Buffalo plateau

The Buffalo plateau is a classic ‘island in the sky’, a unique high altitude area surrounded by lower country. It is an outlier of the hills that make up the Australian Alps and offers fantastic views back into these mountains. It is a great old granite plateau, on the traditional lands of the Minjambuta people.

wildflowers on Buffalo

wildflowers on Buffalo

It has been badly burnt in two major bush fires over the past few years and this has had a profound impact on the vegetation. Buffalo had been a refuge for big and old alpine ash, a wonderful eucalypt tree that is heavily logged throughout much of the high country, and most of this is now dead. The ash mostly lives around the upper fringes of the slopes leading up to the ‘tabletop’ of the plateau, which is a mosaic of snowgum woodland and open frost hollow valleys up on top. Now there is an absolute riot of regrowth as the ash and snow gums regrow, along with a host of other species.

a riot of growth after the fires

a riot of growth after the fires

The fires of late 2006 destroyed the small ski centre at Cresta Valley and the historic Chalet has been closed for a number of years. Although a small cafe operates seasonally out of the Dingo Dell building, it seems lots quieter nowdays on the Plateau. Cross country ski trails are maintained when there is sufficient snow and the climbing – on some of the best granite in the state – is as good as ever. But sometimes it does feel like the wild is reclaiming the plateau.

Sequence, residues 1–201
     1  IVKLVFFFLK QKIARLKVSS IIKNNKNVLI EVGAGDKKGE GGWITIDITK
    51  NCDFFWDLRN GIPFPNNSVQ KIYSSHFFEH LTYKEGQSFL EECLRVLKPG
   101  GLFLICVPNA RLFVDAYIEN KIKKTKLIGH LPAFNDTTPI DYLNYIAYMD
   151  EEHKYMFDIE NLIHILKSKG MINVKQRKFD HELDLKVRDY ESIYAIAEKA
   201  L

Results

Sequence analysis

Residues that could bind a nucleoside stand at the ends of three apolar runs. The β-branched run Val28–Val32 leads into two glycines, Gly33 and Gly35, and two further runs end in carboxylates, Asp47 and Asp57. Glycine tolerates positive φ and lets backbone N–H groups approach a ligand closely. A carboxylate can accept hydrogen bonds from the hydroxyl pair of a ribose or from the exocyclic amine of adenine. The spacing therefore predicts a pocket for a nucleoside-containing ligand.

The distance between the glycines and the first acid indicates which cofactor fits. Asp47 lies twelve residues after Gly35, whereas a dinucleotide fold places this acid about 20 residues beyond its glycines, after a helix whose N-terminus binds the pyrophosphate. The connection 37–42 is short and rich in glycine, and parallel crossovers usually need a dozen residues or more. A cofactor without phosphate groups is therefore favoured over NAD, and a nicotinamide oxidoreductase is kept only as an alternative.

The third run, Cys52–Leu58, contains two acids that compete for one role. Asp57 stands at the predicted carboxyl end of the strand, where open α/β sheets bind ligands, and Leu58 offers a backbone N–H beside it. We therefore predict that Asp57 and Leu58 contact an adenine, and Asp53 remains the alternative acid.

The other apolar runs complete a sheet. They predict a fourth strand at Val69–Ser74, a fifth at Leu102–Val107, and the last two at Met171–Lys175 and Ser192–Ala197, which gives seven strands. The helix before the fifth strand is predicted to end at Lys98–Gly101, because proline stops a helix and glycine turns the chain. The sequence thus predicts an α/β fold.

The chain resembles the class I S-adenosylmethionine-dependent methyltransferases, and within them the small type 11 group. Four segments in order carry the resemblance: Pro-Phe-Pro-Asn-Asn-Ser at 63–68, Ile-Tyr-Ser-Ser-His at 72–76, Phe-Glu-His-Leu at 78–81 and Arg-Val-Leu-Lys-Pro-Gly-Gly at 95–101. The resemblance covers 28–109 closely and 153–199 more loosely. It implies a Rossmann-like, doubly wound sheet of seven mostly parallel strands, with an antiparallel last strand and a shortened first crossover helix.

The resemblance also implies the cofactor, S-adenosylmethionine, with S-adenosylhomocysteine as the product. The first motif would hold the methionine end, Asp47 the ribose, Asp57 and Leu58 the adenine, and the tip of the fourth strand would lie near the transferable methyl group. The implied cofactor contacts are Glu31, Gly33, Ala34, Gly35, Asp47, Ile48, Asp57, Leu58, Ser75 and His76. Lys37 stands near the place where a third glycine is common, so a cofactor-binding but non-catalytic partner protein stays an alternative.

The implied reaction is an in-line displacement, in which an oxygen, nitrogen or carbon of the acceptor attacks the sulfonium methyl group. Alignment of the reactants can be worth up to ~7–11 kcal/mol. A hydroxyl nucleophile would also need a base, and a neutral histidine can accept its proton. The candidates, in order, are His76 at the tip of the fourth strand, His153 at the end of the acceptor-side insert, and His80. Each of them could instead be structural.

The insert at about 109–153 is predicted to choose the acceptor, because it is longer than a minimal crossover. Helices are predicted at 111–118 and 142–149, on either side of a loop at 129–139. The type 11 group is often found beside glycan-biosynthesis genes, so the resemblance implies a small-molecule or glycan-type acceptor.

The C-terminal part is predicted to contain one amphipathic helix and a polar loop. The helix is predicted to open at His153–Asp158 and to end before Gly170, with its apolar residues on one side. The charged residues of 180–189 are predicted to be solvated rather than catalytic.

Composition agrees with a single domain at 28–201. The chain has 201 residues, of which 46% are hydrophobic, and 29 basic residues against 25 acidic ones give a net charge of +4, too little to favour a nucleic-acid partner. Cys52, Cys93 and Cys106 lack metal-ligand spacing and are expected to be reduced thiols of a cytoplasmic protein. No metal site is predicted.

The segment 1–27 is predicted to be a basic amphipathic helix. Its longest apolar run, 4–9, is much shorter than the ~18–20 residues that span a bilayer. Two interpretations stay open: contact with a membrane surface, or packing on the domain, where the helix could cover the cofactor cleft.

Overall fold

Buffalo plateau, cool and remote, sitting out back from the Razorback

Buffalo plateau, cool and remote, sitting out back from the Razorback


Access to the Park is now freeand a good road takes you onto the plateau from near Porepunkah.

There is camping available at Lake Catani (you need to register with Parks Victoria) and incredible walking, climbing, caving, swimming, and mountain bike riding opportunities. There are often road bike cyclysts on the road, so take care if you’re driving up. Adventure Guides Australia offer a range of outdoor adventures.

Some highlights:

  • the Big Walk from the Park entrance to the Gorge. If you have limited time, the top half of the walk, from Maceys Lookout to the Gorge gives great views
  • (on a quiet day) the incredibly beautiful Lady Bath Pool below Eurobin Falls
  • the remote feeling Mt McLeod on the northern side of the plateau
  • a swim at Lake Catani
  • a wander around the Horn for great views into the Victorian Alps
  • the frost hollows and snow plains around Cresta Valley – you can do short round trips here that give a real sense of the Plateau
  • from the Gorge car park walk the first section of the Big Walk to find remnant Alpine Ash that survived the fires

Parks Victoria offers various materials on walking in the park.

Alpine Ash which survived the fires. Between the Gorge and Manfields Lookout



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